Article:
Discover Nature NotesMore posts

Landscaping for Wildlilfe

May 11, 2020

Want to liven up your backyard with some wild company? Create a mix of things they need and be ready to welcome wildlife into your outdoor space.

Three Basics

All wildlife requires three elements to survive: food, water and shelter. But a toad’s needs for each differ from those of a blue jay or a butterfly or a rabbit. You can attract the greatest variety and number of wildlife by providing a variety of sources of food, water and shelter. Diverse habitat supports diverse wildlife. Planting an assortment of trees, shrubs, flowers and grasses will provide alternatives for food and shelter. You can meet wildlife’s critical water needs by maintaining a bird bath or by constructing a small pool. Add feeders and nest boxes to provide more food and shelter.

Create an edge by planting trees and shrubs around open areas. An edge is where vegetation borders an open area. Edges attract more wildlife than an area solely of cover or open land.

Go Native

Get creative when you’re starting a new landscape and check out native Missouri wildflowers, trees, and grasses. Not only do native plant species thrive in Missouri weather, the plants are beautiful and support wildlife. Hummingbirds, songbirds, butterflies, lizards and even toads will become interesting neighbors in your yard. Gardens are amazing spaces, transforming the outside of your home into a special place to relax and play. Wildflowers give artistry to landscapes. Inspiring forms, textures and colors, each adding splendor to your garden.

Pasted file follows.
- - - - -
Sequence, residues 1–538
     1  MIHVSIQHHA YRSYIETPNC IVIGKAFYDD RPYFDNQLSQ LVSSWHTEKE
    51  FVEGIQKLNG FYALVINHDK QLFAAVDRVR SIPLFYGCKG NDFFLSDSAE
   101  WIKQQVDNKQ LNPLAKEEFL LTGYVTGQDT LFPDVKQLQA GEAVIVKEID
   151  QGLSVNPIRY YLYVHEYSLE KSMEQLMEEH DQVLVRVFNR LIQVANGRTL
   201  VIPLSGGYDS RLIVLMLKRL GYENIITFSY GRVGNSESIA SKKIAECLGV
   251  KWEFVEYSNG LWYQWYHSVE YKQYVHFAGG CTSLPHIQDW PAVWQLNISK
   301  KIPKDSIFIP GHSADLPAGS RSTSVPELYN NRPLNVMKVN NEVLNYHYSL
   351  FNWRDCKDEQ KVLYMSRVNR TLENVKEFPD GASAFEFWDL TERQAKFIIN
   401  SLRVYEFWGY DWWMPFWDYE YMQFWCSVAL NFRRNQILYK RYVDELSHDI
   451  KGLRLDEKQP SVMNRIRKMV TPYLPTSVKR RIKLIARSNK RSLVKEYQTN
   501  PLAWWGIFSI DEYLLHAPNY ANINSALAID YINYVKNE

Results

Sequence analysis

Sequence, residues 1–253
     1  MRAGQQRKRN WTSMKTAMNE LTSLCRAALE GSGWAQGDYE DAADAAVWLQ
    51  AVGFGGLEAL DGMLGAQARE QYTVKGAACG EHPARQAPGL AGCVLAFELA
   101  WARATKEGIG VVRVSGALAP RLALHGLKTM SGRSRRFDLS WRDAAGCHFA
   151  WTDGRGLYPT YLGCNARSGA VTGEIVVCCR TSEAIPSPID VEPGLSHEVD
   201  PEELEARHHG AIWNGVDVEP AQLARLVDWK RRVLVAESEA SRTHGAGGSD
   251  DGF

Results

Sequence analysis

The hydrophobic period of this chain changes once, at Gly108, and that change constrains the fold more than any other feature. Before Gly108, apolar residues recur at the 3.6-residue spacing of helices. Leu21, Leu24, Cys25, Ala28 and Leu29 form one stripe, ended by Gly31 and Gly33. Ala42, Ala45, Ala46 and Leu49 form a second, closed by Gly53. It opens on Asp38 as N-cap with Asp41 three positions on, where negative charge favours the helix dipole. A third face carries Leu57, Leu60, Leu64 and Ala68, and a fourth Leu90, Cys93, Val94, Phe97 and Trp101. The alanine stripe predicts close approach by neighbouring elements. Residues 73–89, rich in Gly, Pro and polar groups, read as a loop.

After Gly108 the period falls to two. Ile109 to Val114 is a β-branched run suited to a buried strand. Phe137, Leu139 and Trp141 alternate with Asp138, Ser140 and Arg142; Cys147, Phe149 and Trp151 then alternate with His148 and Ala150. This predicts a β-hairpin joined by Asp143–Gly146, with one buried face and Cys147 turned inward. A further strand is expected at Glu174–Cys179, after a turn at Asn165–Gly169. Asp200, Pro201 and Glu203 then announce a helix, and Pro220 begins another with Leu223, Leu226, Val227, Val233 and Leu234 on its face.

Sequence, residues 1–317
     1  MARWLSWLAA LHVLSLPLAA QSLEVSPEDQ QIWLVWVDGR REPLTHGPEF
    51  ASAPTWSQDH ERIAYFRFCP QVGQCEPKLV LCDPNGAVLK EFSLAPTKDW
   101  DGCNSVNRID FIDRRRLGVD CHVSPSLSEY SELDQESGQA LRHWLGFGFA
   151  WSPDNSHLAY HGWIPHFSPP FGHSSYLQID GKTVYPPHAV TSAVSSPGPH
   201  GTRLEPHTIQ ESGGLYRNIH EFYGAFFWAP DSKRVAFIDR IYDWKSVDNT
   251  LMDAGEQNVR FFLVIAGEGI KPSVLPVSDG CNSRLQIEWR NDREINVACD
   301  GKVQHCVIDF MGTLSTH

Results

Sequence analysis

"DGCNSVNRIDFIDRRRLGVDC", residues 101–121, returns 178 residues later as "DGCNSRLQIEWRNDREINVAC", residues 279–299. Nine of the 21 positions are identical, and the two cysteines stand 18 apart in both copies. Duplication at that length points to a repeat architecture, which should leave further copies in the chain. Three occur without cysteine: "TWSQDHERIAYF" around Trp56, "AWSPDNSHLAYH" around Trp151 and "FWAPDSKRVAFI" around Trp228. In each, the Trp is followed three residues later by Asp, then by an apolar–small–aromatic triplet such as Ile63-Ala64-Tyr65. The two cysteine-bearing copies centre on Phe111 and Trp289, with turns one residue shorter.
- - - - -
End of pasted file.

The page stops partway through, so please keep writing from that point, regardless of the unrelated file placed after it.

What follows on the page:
To support nature near your home, try planting asters and sunflowers. These plants support the most wildlife. Asters are food for a large number of butterfly and moth species. Even violets, wild geraniums and black-eyed susans are favorites among insect pollinators. You’re creating an inviting garden by selecting the right native plants to provide food and shelter for the desired wildlife.

Get Help

It’s easy to get free advice about which plants are best suited to the soil, moisture and sunlight conditions on your property. Contact your county extension office and state conservation agencies. Nurseries can also be very helpful.
Your good backyard habitat will be a haven for wildlife. And it will also be a quiet retreat for you.

Check out this guide for native plants and landscaping design.

20100804-Bernadettes garden-11.jpg

Backyard naturescape
Providing water, shelter, and food will attract wildlife to your yard

MO DOC-2020-DNN May Wk 3 Landscaping for Wildlife-MDOC2005-LF03.mp3

Discover Nature Notes Radio
Hear how to liven up your yard for wildlife

20180808-Les's pollinator border-017.jpg

butterfly on flower
Native plants provide food that native wildlife need

Post new comment

Recent Posts

Longear Sunfish

The Color of Fish

May 26, 2020

Fish use color for blending into their surroundings, selecting mates, and self-defense. They can also change their colors and patterns by mood. Learn more about the how fish use color in this week's Discover Nature Note.

Gray Tree Frog Calling

Amphibian Noisemakers

May 17, 2020

Discover the sounds and skills of Acris crepitans and Hyla versicolor, more commonly known as cricket frogs and gray tree frogs. They perform an outdoor suite while munching on pesky insects that are not so sweet. Learn more in this week's Discover Nature Note.

Opossum mom and babies

Mammal Mothers

May 03, 2020

Explore how mammal mothers raise their young, and how you can help keep wildlife wild in this week's Discover Nature Note.

Field Guide

Discovering nature from A-Z is one click away


You had fun hunting, catching or gathering your quarry—now have more fun cooking and eating it.
Check out the recipes